By this point, we’ve seen the work of some real rock stars: van Gogh, Picasso and now Matisse. Everywhere you look in this place, a masterpiece, it seems. But what painters really do make up MoMA’s collection? Let’s find out.

Pablo Picasso 55
Henri Matisse 34
On Kawara 32
Jacob Lawrence 30
Jean Dubuffet 25
Odilon Redon 25
Ben Vautier 24
Frank Stella 23
Philip Guston 23
Joan Miró 20

The “top 10” artists by works in MoMA’s collection are in the adjacent table. Indeed, a couple of the biggies we’ve seen — Picasso and Matisse — top the list. (There are just three van Goghs in the collection.) There are some less familiar names here, too. On Kawara, for example, is a Japanese artist who died last year. He did a large series of pieces each titled “I Got Up…” that were gifted to MoMA in 1991.

Fight through the museum fatigue, because it’s time to move on. Through the next room you’ll find Picasso’s “Three Musicians” and a wall of Piet Mondrian’s neoplasticism. Keep going, and you’ll see a garden of Constantin Brâncuși sculptures. After that, it’s Rothkos, Klines and a de Kooning. From there, take two rights, wind through one more gallery, and you’ll finally find yourself standing in a pond. Or so Claude Monet would have you feel. His two large, luminous “Water Lilies” flank Gallery 9 — an otherwise darker and more intimate room than those on the rest of the fifth floor.

Claude Monet, "Water Lilies," 1914-26.

Claude Monet, “Water Lilies,” 1914-26.

Courtesy of

The bigger of the lily paintings is big. Very big. In fact, Monet was aiming for “the illusion of an endless whole, of water without horizon or bank.”

Is this the biggest painting in the collection? Surely it must be. Again, a great question. But it’s not quite. The largest painting by area (by far) is the 861-square-foot “F-111” by the American pop-artist James Rosenquist. The smallest is an itsy-bitsy, 2.8-by-2.3 inch image of Jackie Kennedy by Richard Pettibone, a well-known miniaturizer of other famous artworks — Andy Warhol’s in this case. Here’s what MoMA’s paintings would look like if we placed them one in front of the other against a wall in the corner of an enormous room.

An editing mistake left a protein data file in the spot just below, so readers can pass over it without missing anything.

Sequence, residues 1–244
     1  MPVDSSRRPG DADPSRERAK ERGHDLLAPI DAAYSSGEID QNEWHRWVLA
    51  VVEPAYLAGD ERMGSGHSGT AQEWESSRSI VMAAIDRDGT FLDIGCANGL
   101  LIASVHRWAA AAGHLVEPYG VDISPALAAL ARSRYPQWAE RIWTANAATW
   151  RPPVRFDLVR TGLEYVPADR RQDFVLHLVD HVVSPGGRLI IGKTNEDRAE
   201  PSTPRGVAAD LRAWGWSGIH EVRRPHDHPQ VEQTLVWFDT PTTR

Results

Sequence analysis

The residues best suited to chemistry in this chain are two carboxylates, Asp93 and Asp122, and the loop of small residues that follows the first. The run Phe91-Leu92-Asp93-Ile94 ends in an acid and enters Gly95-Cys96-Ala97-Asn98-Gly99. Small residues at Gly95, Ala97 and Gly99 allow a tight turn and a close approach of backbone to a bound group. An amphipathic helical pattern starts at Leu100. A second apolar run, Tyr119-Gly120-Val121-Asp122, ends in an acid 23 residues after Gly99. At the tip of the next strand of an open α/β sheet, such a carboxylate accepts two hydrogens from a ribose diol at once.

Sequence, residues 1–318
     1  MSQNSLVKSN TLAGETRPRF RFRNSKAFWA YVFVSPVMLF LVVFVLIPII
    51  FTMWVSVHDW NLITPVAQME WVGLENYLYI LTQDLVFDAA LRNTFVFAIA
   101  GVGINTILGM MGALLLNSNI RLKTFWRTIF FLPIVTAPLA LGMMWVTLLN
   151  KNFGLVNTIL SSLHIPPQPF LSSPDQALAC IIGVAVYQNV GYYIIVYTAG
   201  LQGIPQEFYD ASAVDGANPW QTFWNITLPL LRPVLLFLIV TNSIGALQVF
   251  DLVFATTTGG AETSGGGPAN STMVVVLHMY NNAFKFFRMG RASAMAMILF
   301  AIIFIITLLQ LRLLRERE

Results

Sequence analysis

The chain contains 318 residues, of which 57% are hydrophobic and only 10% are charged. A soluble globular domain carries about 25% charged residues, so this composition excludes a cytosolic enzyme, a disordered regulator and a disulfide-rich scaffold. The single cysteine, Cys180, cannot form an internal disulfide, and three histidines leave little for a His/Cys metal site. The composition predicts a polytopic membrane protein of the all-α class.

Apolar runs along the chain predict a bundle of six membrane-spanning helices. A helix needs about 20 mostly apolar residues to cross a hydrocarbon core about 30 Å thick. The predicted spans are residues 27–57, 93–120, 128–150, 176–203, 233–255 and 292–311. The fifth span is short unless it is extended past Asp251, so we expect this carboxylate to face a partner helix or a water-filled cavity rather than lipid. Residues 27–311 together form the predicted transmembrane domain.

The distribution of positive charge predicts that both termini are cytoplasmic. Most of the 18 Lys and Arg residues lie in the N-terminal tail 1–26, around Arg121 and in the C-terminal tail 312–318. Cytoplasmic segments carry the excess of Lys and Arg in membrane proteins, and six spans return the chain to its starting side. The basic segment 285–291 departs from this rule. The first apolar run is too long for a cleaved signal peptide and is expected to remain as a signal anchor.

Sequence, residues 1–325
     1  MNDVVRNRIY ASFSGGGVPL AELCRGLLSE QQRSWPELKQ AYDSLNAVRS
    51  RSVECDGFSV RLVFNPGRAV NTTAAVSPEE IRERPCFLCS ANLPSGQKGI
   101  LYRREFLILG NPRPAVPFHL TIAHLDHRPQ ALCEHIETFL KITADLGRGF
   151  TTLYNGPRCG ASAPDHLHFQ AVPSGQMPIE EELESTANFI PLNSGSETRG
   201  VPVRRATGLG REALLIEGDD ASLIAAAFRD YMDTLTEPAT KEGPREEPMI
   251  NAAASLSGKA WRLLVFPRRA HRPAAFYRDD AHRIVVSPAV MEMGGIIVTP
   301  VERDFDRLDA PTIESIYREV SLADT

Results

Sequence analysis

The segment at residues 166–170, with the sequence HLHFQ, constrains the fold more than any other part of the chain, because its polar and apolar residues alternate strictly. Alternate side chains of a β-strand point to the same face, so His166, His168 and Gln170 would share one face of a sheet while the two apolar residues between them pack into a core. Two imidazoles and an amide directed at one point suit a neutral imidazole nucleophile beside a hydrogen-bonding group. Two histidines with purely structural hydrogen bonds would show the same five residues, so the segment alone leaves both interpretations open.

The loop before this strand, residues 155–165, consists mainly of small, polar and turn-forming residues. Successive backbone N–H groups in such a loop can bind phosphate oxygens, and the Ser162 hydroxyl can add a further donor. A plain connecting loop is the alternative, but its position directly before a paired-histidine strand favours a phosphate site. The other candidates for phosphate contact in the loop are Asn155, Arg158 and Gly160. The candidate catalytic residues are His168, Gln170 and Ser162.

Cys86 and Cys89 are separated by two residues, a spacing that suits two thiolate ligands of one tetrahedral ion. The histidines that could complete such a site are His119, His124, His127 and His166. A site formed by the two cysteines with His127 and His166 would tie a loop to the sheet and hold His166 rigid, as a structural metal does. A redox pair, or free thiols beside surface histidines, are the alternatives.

While there are a handful or two of outlying mega-paintings in MoMA’s collection, as you can see, the vast majority of paintings have more practical dimensions. Let’s zoom in a little to get a better sense of the size — and shape — of prominent modern paintings. How do the blockbuster paintings we’ve stopped at today compare, geometrically, to the rest of the collection?


There are 956 paintings that are wider than they are tall and 1,079 that are taller than they are wide. There are 131 square paintings. Width is less constrained than height — walls where paintings hang are usually wider than they are tall. “Wide” paintings tend to be about 50 percent wider than tall; “tall” paintings tend to be about a third taller than wide. The larger “Water Lilies” picture is over six times wider than it is tall, capturing that endless water without bank.

OK, I’m beat! Thanks for coming with me to the museum today. I hope you had fun. Let’s check out the gift shop. And then grab a drink — all that water talk made me thirsty. I know a place.


  1. For this table, I’ve simply tallied the medium categories exactly as they are recorded in MoMA’s data set.

Oliver Roeder was a senior writer for FiveThirtyEight. He holds a Ph.D. in economics from the University of Texas at Austin, where he studied game theory and political competition.